10 dead at Redwood City assisted living facility due to COVID-19

Redwood City assisted living facility ’emotionally devastated’ after 10 deaths due to COVID-19

in Community/Featured/Headline

Ten residents of the Gordon Manor assisted living facility in Redwood City have died over the last few weeks as a result of complications from COVID-19, including neurobiologist and former Stanford president Donald Kennedy, 88.

About 20 residents and seven staff members of the facility at 1616 Gordon St. have tested positive for COVID-19, said Facility Director Alisa Mallari Tu. The San Mateo County Health Department has deployed a team of clinicians to the facility to support care and monitoring of patients.

Nursing homes across the nation have been ravaged by the pandemic. A recent report by The Wall Street Journal said over 10,000 nursing home residents have died after being infected with the virus. On April 15, San Mateo County Health Officer Dr. Scott Morrow implemented enhanced efforts to protect residential care facilities.

In a phone interview, an emotional Tu expressed gratitude to public health officials and her staff for continuing to care for residents at a difficult time.

“Our staff are courageous, hardworking and incredibly caring,” Tu said. “They come here really because they want to, they feel a duty because they love [residents], and under these conditions it’s so difficult.”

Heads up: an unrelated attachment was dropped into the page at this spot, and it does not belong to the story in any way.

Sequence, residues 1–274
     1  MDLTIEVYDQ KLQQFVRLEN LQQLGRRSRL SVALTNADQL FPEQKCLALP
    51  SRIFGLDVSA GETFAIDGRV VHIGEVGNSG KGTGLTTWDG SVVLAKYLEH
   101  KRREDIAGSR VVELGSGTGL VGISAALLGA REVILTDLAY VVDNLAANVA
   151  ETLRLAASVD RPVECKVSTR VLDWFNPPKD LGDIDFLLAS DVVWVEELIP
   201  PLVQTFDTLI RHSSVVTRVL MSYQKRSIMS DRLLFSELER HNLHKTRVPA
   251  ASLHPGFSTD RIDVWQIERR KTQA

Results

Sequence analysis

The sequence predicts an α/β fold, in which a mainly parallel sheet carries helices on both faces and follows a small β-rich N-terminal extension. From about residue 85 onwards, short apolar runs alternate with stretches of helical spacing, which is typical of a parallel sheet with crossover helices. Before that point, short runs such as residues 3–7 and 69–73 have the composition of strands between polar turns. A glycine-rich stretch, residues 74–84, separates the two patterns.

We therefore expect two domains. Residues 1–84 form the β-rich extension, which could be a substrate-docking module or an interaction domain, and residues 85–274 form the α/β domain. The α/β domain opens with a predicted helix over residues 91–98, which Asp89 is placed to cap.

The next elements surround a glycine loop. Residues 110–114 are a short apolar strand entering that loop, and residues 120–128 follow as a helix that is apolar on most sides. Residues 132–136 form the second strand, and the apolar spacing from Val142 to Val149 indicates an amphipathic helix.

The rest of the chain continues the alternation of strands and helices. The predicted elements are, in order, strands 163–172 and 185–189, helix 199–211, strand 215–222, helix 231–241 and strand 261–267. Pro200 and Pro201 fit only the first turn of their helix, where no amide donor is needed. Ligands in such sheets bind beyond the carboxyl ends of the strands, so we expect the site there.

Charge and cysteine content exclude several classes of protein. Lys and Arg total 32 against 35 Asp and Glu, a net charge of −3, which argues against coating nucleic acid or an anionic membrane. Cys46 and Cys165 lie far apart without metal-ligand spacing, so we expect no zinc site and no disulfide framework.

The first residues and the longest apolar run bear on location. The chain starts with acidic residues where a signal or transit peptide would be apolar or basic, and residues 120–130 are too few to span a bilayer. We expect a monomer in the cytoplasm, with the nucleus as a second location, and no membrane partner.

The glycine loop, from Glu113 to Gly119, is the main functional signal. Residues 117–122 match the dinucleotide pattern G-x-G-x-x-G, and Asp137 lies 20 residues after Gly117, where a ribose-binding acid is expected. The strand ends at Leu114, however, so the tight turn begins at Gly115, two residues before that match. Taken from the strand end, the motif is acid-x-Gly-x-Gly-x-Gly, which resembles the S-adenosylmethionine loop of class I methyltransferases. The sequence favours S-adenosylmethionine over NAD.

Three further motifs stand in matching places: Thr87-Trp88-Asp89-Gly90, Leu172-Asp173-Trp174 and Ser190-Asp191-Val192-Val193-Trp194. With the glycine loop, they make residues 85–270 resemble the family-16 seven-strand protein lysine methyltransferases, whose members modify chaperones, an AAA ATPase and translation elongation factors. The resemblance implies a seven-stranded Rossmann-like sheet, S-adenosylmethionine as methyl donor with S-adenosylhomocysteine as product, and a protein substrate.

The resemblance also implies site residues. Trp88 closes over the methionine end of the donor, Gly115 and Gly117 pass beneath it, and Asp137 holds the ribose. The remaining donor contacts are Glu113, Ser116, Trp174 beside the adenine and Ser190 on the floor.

Social distancing and other measures, while necessary, are meanwhile posing a challenge for residents at Gordon Manor.

“We used to gather for live music, have birthday parties, dance together, sing together, congregate in the garden, have tea parties, do art classes,” Tu said, adding the human connection is particularly beneficial for residents with dementia. “It’s just really challenging right now.”

Gordon Manor has operated in the Redwood City for many years, and is very much part of the tightly knit community, Tu said. At the facility, Tu said she cared for one of her physical education coaches who taught her at Woodside High, and who also happened to be her homecoming date’s grandmother.

More caregivers are needed on the frontline of the COVID-19 battle, Tu said.

“We’re all in this together,” she said.

Here is Tu’s official statement on the COVID-19 crisis impacting Gordon Manor:

“We are emotionally devastated by the reality of coronavirus in our community and in the many other senior and group communities like ours. We are grieving the loss of our ability to celebrate birthdays together, dance and sing together, and share our meals together. Our population might be considered vulnerable, but our residents are filled with history, humor, love, and wisdom, that we, as their caregivers, get to experience every day. Our sole purpose through this extremely difficult time is to focus all of our efforts on the well-being of our beloved residents and their dear families, as well as our incredibly dedicated and courageous staff members who bravely, every day and every night, come in to work to care for our residents. We are overwhelmed with gratitude for the skill and expertise that are supporting us and to those community leaders, public health and emergency agencies who recognized the threat and have mobilized to stabilize our community. We are so very grateful to our volunteers, donations of personal protective equipment, food and drink, and especially to our precious families who continue to encourage us and nurture us with their support. We will never be the same, but then again, none of us will be.”